The troubled mainland-HK waters

About a decade ago, the then chief executive Leung Chun-ying had coined the term nei jiao (內交), which literally means “internal diplomacy”, as he walked the talk of bolstering ties between Hong Kong and the mainland.

Putting aside other policy fronts, his “internal diplomacy” was a dismal failure. It could not be more ironic and embarrassing that his five-year term saw sharp conflicts between locals and mainland visitors and parallel traders.

Championing for the rights of local Hongkongers when matters involved the mainland, a “localist movement” emerged. “Localists” had built up strength to become a new force in the pro-democracy camp, bringing about profound changes in the political landscape and strain in mainland-Hong Kong relations.

The 2019 anti-extradition bill protest and its aftershock had rocked the pro-democracy camp. The “localists” are now nowhere to be seen. The mainland-Hong Kong relations, however, remain riddled with cross-currents and tensions.

Unrelated though they are, a row over alleged discrimination against mainland passengers by three Cathay Pacific cabin crew staff and a separate controversy over a government organ donation register system are stark reminders of the complexities and sensitivities of mainland-Hong Kong ties.

The Cathay Pacific case came to light on Monday (22/5) after a post on Chinese social media platform Xiaohongshu (小紅書)alleged that some crew members on the flight from Chengdu had insulted non-English speakers after a passenger mixed up the words “carpet” and “blanket” while speaking to a flight attendant.

The post went viral.

A signed commentary published on the People’s Daily also weighed in on the incident. It said those who stirred up conflicts between Hong Kong and the mainland have gone into hiding after the enactment of the national security law. It alleged some people in the airliner were still lurking in a dark corner, not knowing time has changed.

With integration between Hong Kong and the mainland deepening and cross-border interactions flourishing, it said those who look down on those who speak putonghua and worship those who speak English will vanish in the mega-wave of history.

Cathay posted on social media on Tuesday night that it had completed its investigation into the incident and had dismissed three of its staff according to the company’s regulations.

On Wednesday, Chief Executive John Lee expressed deep disappointment and indignation over claims of discrimination against Cathay Pacific passengers who don’t speak English.

“These disrespectful remarks and actions have hurt the feelings of both Hong Kong and mainland compatriots, and damaged Hong Kong’s reputation for being respectful, courteous and inclusive.”

Faced with enormous pressure, the Cathay management acted swiftly to cut loss by axing the three flight attendants. But the fact that the incident was blown out of proportion and the increasingly assertive approach of the mainland officialdom look set to make more waves in the mainland-Hong Kong waters.

It is purely coincidental that a controversy over alleged irregularities in an official organ donation register heated up about the same time that the storm of alleged discrimination against mainland travelers hit the city.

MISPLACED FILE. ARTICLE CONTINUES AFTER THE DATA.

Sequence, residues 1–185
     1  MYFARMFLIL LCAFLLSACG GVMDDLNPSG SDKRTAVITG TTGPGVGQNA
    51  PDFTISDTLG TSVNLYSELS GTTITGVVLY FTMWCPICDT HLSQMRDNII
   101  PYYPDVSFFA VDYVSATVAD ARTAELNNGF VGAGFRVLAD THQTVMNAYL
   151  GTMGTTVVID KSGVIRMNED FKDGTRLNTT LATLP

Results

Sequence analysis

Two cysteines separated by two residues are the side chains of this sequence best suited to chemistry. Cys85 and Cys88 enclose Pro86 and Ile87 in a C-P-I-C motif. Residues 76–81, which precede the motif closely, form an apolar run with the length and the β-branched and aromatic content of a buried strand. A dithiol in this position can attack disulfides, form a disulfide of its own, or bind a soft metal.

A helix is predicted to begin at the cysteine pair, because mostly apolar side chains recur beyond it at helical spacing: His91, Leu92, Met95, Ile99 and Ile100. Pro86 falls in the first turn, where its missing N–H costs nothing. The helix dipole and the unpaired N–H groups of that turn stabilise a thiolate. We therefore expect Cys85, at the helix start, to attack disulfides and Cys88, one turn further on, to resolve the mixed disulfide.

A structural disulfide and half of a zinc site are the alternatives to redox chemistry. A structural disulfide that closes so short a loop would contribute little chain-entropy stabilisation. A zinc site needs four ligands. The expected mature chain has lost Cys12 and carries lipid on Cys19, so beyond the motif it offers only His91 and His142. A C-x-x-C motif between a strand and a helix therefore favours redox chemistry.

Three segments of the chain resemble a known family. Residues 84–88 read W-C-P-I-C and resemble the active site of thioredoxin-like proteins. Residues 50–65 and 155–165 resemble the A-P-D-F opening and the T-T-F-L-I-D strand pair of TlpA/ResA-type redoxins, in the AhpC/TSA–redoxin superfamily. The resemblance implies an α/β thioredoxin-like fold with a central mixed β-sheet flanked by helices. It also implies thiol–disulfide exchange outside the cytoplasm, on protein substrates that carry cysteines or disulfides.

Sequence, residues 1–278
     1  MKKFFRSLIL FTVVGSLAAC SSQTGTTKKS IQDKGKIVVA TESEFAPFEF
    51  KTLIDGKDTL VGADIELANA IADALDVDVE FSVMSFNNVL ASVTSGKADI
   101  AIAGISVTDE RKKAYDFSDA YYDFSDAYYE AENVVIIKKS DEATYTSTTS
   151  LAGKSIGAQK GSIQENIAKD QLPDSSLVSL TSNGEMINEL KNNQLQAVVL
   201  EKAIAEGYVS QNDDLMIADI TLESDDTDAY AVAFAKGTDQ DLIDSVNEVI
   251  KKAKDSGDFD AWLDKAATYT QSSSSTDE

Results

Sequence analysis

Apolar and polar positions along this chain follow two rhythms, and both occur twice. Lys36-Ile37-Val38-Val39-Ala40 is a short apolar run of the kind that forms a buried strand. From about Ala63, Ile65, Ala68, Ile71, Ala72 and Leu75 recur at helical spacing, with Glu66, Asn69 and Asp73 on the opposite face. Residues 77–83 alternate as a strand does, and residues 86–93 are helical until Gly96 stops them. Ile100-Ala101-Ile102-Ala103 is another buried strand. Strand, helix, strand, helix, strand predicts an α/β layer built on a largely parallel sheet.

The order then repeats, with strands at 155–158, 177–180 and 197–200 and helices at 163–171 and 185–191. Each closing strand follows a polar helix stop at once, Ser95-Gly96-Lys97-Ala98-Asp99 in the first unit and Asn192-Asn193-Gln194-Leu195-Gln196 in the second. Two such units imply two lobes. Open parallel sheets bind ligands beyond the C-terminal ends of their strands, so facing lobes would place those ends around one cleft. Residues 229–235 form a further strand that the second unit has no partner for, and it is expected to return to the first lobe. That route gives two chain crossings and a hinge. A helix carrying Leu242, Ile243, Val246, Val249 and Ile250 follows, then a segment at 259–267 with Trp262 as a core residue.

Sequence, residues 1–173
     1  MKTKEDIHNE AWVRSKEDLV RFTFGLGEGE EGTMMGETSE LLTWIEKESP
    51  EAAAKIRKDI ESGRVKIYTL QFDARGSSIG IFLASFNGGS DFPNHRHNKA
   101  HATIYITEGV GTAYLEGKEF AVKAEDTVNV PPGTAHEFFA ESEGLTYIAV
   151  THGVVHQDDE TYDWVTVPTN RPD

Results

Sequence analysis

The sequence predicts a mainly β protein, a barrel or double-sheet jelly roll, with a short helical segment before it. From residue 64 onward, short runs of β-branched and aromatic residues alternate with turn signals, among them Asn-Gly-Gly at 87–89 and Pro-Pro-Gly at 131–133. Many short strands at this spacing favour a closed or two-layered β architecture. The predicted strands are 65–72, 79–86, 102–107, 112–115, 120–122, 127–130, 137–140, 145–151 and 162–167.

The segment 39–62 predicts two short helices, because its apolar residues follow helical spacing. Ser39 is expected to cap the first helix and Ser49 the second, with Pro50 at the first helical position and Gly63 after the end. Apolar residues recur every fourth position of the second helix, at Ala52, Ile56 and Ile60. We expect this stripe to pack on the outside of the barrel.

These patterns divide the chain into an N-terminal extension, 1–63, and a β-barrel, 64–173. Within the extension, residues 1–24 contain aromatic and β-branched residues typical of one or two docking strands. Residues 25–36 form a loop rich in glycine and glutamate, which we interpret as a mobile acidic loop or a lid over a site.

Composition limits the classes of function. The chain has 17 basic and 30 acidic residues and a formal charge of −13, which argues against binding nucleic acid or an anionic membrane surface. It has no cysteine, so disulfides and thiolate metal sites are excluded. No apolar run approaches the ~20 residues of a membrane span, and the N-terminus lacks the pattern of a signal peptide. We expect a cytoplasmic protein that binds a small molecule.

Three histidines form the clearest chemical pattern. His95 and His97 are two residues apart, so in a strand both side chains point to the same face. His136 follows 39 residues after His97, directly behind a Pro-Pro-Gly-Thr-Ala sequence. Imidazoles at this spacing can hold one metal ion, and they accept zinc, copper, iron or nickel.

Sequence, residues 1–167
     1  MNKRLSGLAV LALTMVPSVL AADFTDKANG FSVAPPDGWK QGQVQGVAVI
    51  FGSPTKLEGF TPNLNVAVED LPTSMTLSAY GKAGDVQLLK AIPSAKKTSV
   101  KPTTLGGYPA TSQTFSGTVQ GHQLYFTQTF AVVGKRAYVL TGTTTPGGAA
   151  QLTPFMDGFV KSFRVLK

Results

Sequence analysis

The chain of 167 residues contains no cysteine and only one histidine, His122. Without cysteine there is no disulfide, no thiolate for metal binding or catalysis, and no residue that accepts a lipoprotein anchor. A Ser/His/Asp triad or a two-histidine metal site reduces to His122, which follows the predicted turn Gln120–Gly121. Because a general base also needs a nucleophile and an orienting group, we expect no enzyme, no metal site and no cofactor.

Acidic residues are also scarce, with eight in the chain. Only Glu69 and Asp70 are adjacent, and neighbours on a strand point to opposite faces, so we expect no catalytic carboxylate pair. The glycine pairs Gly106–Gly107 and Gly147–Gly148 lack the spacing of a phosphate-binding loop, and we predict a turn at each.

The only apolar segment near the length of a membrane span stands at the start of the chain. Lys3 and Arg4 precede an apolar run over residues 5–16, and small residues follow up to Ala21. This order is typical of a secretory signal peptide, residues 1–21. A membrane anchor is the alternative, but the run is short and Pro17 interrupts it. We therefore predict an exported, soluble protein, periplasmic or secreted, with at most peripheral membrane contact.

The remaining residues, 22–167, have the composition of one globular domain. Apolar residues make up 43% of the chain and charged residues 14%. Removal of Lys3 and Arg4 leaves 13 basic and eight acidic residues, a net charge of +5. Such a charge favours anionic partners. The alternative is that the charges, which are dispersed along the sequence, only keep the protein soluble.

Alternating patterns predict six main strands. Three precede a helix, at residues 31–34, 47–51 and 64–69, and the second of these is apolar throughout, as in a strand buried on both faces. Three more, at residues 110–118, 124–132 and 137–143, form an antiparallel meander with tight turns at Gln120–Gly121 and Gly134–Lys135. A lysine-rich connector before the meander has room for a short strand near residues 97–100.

They have one thing in common, namely the mainland factor, nevertheless.

The Government revealed last week a surge in requests to withdraw from the Centralised Organ Donation Register since December. They include cases of people who had not registered at all. Citing the irregularity, officials accused unnamed people of sabotaging the register system.

In hard-hitting words, Chief Executive John Lee Ka-chiu on Tuesday called it “shameful and disgraceful” behaviour as he ordered the Police to probe into the suspected sabotage.

One day later, Justice Secretary Paul Lam said he did not have enough information to judge on whether there is anything unlawful.

It cannot be more obvious that the surge of opt-out by would-be donors was prompted by talks between Hong Kong and the mainland for a cross-border organ donation “mutual-help” scheme.

Being left in the dark about the scheme and fretful about abuses if the Hong Kong system integrates with the mainland’s, it is understandable that some may cancel their registration, at least for now.

But to conspiracy theorists, the surge was seen as a fresh plot by die-hard trouble-makers to mount “soft resistance” against the regime.

One commentary article in a pro-Beijing online media claimed the so-called strategy of “de-registering” from the organ donation register bore resemblance to those in the “2019 black violence.” Both were allegedly aimed to incite anti-Chinese sentiments.

The term “internal diplomacy” does not seem to be in the dictionary of John Lee. But he has made no less efforts than Leung in cultivating ties with the mainland since he took office. The cross-border organ donation system is one example.

But any ignorance of sensitivities in mainland-Hong Kong issues, unintentionally or deliberately, runs the risk of playing with fire, resulting in burned fingers and more damages to people-to-people relations.

▌[At Large] About the Author

Chris Yeung is a veteran journalist, a founder and chief writer of the now-disbanded CitizenNews; he now runs a daily news commentary channel on Youtube. He had formerly worked with the South China Morning Post and the Hong Kong Economic Journal.